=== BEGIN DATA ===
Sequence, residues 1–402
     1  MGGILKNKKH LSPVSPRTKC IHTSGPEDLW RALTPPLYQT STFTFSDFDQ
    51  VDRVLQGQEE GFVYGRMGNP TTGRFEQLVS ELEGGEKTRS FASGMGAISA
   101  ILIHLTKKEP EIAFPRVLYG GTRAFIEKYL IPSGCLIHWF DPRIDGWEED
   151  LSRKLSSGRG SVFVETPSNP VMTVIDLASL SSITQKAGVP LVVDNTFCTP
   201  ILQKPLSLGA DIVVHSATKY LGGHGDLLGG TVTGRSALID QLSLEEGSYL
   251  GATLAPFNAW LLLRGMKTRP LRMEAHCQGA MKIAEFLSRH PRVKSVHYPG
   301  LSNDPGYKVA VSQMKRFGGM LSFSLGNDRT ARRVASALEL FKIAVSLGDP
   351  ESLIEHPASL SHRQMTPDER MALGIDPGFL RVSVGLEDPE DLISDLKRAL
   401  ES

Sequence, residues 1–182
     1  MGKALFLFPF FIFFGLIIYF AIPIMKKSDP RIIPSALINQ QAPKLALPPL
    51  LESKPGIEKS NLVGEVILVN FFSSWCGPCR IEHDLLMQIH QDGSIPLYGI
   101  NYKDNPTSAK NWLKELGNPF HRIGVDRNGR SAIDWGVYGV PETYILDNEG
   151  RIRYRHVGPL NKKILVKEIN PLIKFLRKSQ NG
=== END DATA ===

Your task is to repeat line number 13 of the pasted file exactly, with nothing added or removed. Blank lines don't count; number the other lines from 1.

    51  LESKPGIEKS NLVGEVILVN FFSSWCGPCR IEHDLLMQIH QDGSIPLYGI